Sushi today. We sat at the counter and had a lively discussion with the chef. As we talked about his origins and how he arrived in NYC he made an interesting analogy relating to his style of food. It must be noted that his sushi was very simple. The fish was pristine and the rice was slightly warm and well seasoned. The sushi was delicious and the variety spanned the globe. It was not the new style sushi and sashimi that is so popular these days, instead it was simplicity itself. There was ginger and fresh wasabi available, although with the exception of the rolls, which he indicated needed soy sauce, everything was perfectly seasoned. I think that we had twenty four pieces each before he finally cut us off. As he reminisced about his early days in New York, he noted that when wrestling first came to Japan it was very professional. Tournaments were serious sporting events with well trained competitors and referees. As time passed the new-style wrestling began to appear with trained actors, costumes and posturing. It was still a sport but no longer in the same way. There are fans of both but he preferred the original wrestling as the true sport. He then smiled and noted how few real sushi restaurants exist in New York. His final comment was "Simple is best." It was true for his sushi. The beauty lay in its simplicity. The fish and the rice needed little garnish to highlight their qualities. It was true for the restaurant which was warm and spare, functionality seemed inherent in its design although the personality of the owner was reflected each aspect of it's design.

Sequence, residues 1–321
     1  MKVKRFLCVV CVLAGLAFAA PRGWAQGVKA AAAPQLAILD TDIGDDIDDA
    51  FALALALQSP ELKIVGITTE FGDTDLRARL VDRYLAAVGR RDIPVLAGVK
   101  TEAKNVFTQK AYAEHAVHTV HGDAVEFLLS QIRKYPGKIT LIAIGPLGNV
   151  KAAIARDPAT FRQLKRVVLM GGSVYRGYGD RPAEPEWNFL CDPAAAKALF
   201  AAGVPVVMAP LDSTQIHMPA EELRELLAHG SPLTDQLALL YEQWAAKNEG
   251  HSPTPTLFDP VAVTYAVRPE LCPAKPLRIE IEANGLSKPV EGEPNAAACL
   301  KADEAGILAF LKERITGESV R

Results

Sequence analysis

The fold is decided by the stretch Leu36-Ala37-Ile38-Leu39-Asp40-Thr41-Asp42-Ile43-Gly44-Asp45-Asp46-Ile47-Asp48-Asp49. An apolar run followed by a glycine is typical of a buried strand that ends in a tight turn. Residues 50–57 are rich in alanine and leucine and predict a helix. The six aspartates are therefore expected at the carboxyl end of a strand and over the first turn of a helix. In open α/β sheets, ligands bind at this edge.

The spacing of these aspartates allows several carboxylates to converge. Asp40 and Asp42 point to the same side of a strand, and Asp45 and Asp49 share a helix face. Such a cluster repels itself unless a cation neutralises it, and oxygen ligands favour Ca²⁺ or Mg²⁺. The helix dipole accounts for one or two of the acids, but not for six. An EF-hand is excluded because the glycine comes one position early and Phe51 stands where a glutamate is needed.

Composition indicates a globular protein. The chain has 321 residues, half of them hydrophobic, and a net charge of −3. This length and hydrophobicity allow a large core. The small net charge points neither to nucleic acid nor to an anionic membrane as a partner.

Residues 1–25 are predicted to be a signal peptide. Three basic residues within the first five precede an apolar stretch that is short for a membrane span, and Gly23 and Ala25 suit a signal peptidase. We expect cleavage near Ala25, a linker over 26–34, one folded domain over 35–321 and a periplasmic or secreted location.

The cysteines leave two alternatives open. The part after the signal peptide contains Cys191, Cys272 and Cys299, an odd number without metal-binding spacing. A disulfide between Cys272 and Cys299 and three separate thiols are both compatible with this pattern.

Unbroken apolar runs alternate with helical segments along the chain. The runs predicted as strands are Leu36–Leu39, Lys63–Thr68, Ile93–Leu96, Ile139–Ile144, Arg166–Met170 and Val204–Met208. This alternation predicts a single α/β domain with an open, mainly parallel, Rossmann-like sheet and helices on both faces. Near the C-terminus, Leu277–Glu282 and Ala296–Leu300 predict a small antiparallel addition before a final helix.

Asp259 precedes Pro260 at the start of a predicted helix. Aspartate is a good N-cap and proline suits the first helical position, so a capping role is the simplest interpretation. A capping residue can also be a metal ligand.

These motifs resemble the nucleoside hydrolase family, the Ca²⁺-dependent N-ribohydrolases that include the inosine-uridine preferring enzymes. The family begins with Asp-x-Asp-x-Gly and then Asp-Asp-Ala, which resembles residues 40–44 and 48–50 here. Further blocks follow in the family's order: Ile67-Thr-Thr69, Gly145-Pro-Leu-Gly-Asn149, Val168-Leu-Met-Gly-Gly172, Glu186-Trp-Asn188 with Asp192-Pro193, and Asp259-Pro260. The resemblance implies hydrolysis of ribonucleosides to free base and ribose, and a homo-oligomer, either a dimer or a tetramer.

He also taught us a bit of Asian fortune telling by counting the lines in people's foreheads. He noted that he had one line and it described him well, one wife, one daughter...and our response was "one restaurant".